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How cancer could be treated with an old alcoholism drug

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Previous studies have demonstrated that the alcohol abuse drug disulfiram has anticancer properties.

This study was conducted by an international team of researchers led by Jiri Bartek, of the Danish Cancer Society Research Center in Copenhagen.

But as Bartek and colleagues explain in their paper, the drug hasn't yet been repurposed for cancer treatment because the mechanism and molecular pathways through which the drug may act against cancer were unknown.

In fact, the World Health Organization (WHO) estimate that in the next two decades, the number of new cancer cases will rise by 70 percent.

In this context, drug repurposing is a safe, cost- and time-effective alternative.

An old, safe drug may save lives worldwide So, Bartek and colleagues set out to unravel the mystery of disulfiram's anticancer properties.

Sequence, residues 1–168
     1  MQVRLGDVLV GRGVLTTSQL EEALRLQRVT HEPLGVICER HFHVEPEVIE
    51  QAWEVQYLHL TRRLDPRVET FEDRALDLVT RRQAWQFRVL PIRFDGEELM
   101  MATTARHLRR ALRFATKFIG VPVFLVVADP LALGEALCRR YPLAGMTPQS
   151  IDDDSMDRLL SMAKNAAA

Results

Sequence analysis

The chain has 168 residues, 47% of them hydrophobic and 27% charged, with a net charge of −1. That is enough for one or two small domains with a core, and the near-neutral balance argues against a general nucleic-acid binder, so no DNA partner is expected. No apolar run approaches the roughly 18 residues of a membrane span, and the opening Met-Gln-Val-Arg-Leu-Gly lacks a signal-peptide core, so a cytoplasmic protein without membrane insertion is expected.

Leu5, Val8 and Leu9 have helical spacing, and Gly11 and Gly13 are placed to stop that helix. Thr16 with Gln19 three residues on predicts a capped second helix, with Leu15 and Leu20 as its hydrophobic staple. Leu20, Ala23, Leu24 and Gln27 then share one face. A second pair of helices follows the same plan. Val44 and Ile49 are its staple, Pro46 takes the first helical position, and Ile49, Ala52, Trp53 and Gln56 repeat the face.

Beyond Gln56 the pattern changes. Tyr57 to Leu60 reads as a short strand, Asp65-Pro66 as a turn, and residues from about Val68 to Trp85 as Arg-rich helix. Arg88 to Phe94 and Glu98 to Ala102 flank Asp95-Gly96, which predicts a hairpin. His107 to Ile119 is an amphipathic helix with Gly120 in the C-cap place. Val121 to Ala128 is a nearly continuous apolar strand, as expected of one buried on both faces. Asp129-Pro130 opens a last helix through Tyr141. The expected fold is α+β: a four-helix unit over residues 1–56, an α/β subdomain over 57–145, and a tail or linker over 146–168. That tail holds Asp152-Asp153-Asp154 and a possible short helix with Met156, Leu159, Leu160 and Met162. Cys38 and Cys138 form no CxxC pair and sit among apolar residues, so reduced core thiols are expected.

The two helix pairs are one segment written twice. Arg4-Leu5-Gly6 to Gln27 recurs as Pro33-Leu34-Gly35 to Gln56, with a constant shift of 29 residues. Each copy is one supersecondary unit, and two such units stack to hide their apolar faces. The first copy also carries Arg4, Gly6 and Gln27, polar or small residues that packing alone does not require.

Then, the researchers carried out in vitro studies of cancer cells and in vivo studies of mice and identified the metabolite of disulfiram that enables the drug to fight off cancer: the so-called ditiocarb-copper complex.

The researchers also identified ways to further detect and analyze how this metabolite complex accumulates in tumors.

Finally, and importantly, the researchers found the molecular pathway through which this ditiocarb-copper complex acts to suppress cancer cells.

The researchers conclude: [Disulfiram is] an old, safe, and public domain drug that might help to save lives of patients with cancer worldwide.


Author: @DailyCupofYoga

Source: medicalnewstoday.com